The Courier News from Blytheville, Arkansas on August 23, 1954 · Page 3
Get access to this page with a Free Trial

The Courier News from Blytheville, Arkansas · Page 3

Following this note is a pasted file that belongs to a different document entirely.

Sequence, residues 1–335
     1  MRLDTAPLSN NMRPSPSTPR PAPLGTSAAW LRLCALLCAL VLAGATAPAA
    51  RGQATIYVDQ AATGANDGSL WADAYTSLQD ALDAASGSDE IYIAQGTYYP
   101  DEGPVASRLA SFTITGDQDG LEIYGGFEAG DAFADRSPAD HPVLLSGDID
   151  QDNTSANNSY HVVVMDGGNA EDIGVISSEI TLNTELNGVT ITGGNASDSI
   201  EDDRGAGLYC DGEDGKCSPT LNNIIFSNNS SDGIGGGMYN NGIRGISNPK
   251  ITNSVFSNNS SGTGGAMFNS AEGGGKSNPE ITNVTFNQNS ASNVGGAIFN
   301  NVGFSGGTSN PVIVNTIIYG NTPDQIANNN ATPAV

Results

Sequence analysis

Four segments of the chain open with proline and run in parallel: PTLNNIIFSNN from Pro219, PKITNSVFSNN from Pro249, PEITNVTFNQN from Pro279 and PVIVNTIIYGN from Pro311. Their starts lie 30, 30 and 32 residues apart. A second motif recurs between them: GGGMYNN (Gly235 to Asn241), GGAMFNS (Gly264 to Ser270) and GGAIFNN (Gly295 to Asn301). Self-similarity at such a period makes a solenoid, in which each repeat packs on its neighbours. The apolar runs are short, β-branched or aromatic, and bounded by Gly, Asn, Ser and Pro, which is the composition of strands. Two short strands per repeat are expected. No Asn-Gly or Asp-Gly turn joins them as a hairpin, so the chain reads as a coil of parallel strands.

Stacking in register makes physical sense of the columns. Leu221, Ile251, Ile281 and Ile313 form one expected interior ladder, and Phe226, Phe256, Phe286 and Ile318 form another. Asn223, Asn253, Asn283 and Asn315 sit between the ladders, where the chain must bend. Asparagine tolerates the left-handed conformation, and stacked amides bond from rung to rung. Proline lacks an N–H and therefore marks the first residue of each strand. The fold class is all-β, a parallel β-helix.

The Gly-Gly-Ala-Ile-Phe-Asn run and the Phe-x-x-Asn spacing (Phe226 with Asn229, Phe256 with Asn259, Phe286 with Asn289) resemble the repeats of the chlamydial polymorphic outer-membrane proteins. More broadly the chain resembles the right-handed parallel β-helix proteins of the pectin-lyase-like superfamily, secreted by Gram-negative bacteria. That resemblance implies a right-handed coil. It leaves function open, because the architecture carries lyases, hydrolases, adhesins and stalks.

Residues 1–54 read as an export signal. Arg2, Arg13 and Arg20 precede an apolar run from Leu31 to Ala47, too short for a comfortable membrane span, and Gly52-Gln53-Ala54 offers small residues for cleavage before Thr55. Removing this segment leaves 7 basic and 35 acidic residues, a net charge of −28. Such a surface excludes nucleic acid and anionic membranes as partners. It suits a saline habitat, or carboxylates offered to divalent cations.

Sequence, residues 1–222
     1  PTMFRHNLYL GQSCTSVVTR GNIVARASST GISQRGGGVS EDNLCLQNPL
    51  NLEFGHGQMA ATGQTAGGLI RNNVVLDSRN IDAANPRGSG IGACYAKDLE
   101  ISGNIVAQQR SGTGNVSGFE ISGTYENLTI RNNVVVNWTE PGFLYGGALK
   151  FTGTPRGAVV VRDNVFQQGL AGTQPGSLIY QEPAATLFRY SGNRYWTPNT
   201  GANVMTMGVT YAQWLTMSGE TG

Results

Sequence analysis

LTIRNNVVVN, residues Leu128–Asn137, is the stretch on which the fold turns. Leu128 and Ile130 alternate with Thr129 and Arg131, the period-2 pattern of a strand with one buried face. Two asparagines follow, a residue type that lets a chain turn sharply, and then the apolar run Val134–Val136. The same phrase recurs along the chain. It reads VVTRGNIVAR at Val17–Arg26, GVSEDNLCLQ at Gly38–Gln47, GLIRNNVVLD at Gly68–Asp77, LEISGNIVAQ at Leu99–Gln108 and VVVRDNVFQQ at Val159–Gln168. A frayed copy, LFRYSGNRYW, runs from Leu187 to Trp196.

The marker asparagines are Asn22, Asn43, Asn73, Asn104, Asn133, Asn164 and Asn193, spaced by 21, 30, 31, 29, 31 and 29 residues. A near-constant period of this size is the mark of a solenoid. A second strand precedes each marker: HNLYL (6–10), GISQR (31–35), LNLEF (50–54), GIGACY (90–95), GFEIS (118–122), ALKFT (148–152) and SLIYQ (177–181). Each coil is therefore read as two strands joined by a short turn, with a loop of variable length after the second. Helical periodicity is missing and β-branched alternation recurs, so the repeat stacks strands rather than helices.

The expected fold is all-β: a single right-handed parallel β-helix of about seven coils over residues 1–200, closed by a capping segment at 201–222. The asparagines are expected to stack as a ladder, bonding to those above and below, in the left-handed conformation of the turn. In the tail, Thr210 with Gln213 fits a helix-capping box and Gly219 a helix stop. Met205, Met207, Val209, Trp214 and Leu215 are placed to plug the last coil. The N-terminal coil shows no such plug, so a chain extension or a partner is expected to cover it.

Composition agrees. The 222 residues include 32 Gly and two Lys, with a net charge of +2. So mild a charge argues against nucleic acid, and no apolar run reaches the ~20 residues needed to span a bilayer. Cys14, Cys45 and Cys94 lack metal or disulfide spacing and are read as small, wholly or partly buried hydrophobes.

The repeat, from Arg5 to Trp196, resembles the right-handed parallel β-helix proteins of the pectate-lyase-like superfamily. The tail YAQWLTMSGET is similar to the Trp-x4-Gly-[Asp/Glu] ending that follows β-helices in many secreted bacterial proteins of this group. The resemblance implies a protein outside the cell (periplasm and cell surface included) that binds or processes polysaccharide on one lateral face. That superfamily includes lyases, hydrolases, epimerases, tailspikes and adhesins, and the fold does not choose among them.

Blytheville, Arkansas
Issue Date:
Monday, August 23, 1954
Page 3
Start Free Trial